Delhi votes for economic nationalism

By Shivaji Sarkar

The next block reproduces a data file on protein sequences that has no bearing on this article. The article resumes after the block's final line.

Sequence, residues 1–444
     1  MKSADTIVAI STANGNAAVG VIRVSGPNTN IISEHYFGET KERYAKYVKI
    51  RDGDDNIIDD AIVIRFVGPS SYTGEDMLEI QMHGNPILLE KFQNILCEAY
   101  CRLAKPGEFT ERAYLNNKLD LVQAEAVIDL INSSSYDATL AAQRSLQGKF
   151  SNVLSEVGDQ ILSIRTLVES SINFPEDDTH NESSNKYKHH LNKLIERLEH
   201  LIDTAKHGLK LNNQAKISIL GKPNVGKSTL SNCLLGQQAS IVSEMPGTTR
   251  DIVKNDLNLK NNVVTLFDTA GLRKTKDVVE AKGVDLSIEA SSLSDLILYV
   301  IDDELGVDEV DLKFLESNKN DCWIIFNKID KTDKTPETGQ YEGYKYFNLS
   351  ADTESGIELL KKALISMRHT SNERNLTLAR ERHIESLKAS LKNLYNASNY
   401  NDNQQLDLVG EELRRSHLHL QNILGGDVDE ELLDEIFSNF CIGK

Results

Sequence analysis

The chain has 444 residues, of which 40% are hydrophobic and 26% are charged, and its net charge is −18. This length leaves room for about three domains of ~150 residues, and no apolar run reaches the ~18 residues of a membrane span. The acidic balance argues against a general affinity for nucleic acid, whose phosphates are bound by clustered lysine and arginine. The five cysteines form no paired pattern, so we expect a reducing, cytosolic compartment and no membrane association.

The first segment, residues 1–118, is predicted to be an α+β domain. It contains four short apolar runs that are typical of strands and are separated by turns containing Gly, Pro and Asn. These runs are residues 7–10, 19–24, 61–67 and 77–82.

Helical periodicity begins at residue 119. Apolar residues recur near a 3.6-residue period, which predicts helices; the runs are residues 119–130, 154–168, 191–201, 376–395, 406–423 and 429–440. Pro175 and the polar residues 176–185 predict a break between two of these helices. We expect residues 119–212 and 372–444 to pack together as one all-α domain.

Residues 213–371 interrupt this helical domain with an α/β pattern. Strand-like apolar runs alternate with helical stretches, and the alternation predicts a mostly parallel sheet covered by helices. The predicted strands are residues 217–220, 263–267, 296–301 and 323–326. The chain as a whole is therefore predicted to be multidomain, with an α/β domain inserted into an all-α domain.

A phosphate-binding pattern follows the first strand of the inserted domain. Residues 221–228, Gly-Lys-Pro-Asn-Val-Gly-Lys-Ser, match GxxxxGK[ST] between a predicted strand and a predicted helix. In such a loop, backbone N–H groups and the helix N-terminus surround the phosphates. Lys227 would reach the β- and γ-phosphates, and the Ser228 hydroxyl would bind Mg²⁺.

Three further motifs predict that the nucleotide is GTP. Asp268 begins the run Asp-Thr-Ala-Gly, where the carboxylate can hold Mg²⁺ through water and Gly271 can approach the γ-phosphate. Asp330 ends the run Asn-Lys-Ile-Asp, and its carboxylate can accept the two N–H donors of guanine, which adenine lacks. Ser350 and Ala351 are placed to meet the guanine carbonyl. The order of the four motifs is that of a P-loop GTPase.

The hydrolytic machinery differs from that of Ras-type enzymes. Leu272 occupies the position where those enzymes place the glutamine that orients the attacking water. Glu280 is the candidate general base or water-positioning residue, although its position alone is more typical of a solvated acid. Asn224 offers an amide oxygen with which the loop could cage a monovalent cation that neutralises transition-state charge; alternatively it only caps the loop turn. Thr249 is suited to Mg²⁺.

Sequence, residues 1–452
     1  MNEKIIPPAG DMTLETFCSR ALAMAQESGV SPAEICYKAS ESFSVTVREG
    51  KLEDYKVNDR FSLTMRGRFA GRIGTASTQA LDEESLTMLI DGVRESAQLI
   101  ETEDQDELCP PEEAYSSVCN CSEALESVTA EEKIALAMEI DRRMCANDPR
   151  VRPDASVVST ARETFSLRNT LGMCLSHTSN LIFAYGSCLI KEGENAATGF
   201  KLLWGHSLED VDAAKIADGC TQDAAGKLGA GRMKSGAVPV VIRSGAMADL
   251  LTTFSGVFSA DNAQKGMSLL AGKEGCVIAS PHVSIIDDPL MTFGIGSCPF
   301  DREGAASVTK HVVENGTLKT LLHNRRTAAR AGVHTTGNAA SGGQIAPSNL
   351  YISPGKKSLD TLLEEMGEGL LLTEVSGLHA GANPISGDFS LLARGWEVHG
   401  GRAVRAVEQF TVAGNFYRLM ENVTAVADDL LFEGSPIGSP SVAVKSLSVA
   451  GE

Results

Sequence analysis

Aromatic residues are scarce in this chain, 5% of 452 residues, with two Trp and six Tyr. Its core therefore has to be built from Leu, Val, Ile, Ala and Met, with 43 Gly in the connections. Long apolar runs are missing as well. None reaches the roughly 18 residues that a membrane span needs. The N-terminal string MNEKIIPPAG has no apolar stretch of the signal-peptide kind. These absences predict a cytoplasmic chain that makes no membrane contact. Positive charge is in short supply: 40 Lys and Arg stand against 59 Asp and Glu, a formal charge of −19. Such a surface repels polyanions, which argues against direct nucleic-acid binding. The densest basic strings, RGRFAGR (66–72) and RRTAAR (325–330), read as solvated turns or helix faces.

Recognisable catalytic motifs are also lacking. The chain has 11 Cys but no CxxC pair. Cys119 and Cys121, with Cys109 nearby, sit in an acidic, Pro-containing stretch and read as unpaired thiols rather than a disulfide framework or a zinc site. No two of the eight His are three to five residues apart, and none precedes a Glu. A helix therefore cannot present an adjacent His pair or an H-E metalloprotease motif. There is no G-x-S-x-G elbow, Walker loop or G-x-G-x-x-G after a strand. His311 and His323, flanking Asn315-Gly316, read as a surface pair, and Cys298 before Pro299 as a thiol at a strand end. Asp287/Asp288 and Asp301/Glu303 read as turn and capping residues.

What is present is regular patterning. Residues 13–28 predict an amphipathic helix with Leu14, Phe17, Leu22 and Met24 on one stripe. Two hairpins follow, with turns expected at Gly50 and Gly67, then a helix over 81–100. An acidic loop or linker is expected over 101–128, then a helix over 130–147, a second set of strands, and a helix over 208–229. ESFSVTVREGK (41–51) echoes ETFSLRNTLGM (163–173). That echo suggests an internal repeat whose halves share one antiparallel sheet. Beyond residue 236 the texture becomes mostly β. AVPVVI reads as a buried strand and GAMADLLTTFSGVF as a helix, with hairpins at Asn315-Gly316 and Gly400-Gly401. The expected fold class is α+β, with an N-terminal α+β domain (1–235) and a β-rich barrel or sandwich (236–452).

Delhi assembly election goes to soft inclusive skills against the campaigning on hard on issues of identity. It is also a vote for people’s struggle for survival against hardcore finances and a non-relief central budget to the common man. Money is the core in this election. It signifies the comfort or hardship the people are facing. The welfare measures, often called freebies, touch average middle class and the poor – the unorganized working class, who cannot afford a ride on Delhi metro. “It is expensive, we cannot afford”, the common refrain in the Delhi’s jhuggi-jhopri slum clusters. Aam Aadmi party chief minister Arvind Kejriwal touched that cord, presented a soft, people-friendly accessible face. The poor and middle class voted for him, aver many BJP campaigners across the city despite some vote surge for the party, largely cashing on the core Congress votes that split between the AAP and BJP. That raised the tally to 8 from 3 for BJP and slight loss to 62 for AAP.Delhi BJP’s hope that a stronger Congress would help split AAP votes was belied as Congress preferred an AAP victory even at its annihilation. Many see it as strategy of the Congress for not unlikely future opposition alliance. As per Delhi BJP’s assessment, a small percentage of elite congress voters opted for BJP, the larger chunk – the poor, women and minorities – went to AAP.It has hit the BJP poll managers of West Bengal, scheduled to go to the polls early 2021. State party chief Dilip Ghosh wants to go the hard identity way. The softer face Swapan Dasgupta, MP, wants “ideological issues supplemented by a solid governance agenda as also a chief ministerial face”. Dasgupta being a journalist may have read the people’s mind. People in this country still vote for core issues of “rozi-roti-talim (education)”. That has kissed Kejriwal with victory against his non-challant opponent. The Shaheen Bagh-type CAA protests needs to be read also as expression against the discomforting economic policies that have unnerved the people. The raise of Rs 145 raise of LPG prices, steepest since January 2014 of Rs 220, the very next day of the elections, possibly confirms their fear. Dasgupta like many BJP workers echo that sentiment. A chief ministerial face possibly does not matter. The UP elections where BJP did not project a face, Maharashtra, Chhattisgarh, Rajasthan, where it had faces prove that. The BJP was voted to power with great expectations after the failure of Manmohanomics of UPA. It was expected to shun it and chart out a new economics. Somehow it fell into, as many experts say, the Congress trap and led to compromise its basic pro-people manifesto. Interestingly enough, despite that its key leader, Prime Minister Narendra Modi, still rules the heart and minds of the people. Even during Delhi elections that was evident. People want him but as many Delhi poor say he needs to care more for them with ease on taxes, rail fares, high bank charges, high atrocious toll rates, falling interest rates on deposits, and a budget that denies them necessary reliefs. Average middle class wonders why his ten-year-old fine car be junked to help car makers, as the finance minister says. For the Delhiites, Kejriwal signifies that relief.

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